The comments table has been repopulated! I’m currently working on restoring their hierarchy. For ease, I’m working backwards, from the newest to the oldest posts. Please bear with any site instability/sluggishness you might encounter. Cheers! ☺


“If you read someone else’s diary, you get what you deserve.” —David Sedaris

This all started off in written form back when I was a kid. As an introverted only child with both parents at work most of the time, I had a lot of time to myself. So when I learned to write and that writing down my thoughts for posterity was a thing people did, I went at it myself.

I still have some of those papers which are basically just short recollections of the current day at kindergarten or elementary. Sometimes funny, oftentimes doodles of robots, I don’t think they’re particularly publishable to the internet at large, much less have an appreciative audience.

The bulk of these entries start off from high school and were largely typed on a then-modern 80386SX in plain text files (anyone remember Wordstar?) saved on 3½″ floppies. They were eventually transferred to Microsoft Word (receiving italics, boldface, tables, and proper typography in the process) and then to XHTML 1.1. They currently exist as XML-typed records in a MySQL database served through a custom PHP-based CMS. How far the times have come!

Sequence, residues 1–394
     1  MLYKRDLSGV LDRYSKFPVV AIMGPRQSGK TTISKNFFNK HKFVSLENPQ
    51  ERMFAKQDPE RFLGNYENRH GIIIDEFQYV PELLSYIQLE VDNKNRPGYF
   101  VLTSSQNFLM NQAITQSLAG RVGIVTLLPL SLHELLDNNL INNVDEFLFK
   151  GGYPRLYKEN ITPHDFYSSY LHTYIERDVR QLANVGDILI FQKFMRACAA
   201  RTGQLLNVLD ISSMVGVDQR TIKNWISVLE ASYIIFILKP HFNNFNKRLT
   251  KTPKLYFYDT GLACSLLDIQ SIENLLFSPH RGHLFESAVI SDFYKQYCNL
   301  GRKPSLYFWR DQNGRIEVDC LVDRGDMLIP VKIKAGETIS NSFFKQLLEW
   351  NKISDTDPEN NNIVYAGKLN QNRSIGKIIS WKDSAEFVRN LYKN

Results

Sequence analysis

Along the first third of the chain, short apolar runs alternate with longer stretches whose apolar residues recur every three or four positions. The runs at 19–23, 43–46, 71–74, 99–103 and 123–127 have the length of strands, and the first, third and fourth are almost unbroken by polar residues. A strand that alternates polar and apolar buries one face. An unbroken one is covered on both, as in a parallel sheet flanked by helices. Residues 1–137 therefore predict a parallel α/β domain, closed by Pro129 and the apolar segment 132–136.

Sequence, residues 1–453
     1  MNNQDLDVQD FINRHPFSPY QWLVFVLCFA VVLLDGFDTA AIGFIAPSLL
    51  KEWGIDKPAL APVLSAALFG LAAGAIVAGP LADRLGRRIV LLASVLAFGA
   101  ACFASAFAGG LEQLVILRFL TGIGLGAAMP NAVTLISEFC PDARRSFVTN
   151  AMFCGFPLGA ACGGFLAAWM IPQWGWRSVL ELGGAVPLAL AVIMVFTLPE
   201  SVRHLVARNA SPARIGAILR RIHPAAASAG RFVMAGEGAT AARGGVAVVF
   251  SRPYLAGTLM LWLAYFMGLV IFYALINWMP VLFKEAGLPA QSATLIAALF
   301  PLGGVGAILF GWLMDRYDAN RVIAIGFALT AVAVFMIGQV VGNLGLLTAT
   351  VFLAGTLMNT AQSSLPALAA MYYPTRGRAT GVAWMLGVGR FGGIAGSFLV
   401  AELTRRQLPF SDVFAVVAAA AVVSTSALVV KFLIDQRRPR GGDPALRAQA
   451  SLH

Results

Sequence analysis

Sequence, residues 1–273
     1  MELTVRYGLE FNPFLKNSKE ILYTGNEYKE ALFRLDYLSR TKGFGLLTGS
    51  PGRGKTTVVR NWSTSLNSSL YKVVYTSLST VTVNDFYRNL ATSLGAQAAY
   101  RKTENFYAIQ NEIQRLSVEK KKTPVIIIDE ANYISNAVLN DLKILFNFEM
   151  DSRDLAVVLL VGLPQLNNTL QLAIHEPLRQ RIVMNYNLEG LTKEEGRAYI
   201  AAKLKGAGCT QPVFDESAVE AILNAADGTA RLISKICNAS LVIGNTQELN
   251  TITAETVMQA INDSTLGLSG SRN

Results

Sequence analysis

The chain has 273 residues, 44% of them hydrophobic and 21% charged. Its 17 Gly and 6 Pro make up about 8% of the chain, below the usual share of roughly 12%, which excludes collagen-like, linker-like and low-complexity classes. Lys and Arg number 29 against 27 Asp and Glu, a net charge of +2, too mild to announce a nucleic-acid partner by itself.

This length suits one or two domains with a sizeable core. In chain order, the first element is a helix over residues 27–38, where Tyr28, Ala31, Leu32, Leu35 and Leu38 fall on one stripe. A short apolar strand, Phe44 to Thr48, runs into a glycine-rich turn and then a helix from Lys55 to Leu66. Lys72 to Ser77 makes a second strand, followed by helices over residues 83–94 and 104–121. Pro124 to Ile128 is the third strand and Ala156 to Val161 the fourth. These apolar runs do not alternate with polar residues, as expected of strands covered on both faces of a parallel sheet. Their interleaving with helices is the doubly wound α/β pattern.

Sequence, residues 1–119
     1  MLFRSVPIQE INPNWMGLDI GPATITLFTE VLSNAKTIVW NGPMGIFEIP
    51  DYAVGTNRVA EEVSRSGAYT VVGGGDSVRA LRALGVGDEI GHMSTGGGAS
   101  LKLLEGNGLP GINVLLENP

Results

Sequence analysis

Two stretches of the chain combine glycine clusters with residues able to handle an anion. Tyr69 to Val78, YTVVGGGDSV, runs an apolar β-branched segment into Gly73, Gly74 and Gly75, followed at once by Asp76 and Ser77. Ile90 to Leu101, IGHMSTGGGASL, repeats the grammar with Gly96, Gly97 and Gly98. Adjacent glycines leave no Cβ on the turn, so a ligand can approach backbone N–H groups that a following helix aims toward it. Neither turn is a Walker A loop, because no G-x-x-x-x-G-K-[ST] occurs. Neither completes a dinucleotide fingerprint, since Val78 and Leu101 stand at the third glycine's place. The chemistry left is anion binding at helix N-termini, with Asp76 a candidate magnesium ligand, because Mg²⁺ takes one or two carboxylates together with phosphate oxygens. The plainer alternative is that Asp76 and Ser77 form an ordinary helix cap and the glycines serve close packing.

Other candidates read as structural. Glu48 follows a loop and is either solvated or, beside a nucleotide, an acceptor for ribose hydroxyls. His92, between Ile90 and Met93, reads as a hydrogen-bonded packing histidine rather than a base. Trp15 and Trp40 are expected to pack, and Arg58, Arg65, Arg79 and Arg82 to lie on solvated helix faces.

You’re welcome to comment and message me on these. However, please remember the historical context in which some posts were written. While some posts are mundane (I’ve always been my worst critic), if you read enough, you’ll notice the change in the topics, entry length, grammar and vocabulary, and tone of my writing.

If you see any typos or lapses in grammar, no need to call me out on them. I’ve probably seen them already as I was digitizing the physical copies of these entries and during their conversion from plain text to Word to XML. I’m keeping these as close as possible to their original form.

P.S. Some entries require further explanation or clarification and any editorial additions will be indicated in a box that looks like this.
P.P.S. It’s not readily apparent but there are a number of unpublished entries to this blog and large gaps of time between entries. Let me explain this briefly.

For the unpublished posts, those cover my life as a teenager full of angst and hormonal confusion from 1995 to 2000. While I initially balked at adding these, the thought of losing them won out. For purposes of posterity, these entries have been included in the database. After careful review, however, I’ve considered some of these entries to be too private for general public consumption. Maybe someday I’ll decide to eventually make them public.

As for the long hiatus between entries, I have only life to blame. While life certainly went on during the intervening periods, I just either didn’t see fit to make those entries public (for my own, as well as others’ privacy), events weren’t that important to write about, or I was just too busy at the time to write anything.

If you’re terribly curious about the more private entries, drop me a line and I’ll consider giving you access.

Initial Thoughts on Google AMP Project

Written by Raymond Santos Estrella on Thursday, 04 February 2016. Posted in 2016

Initial Thoughts on Google AMP Project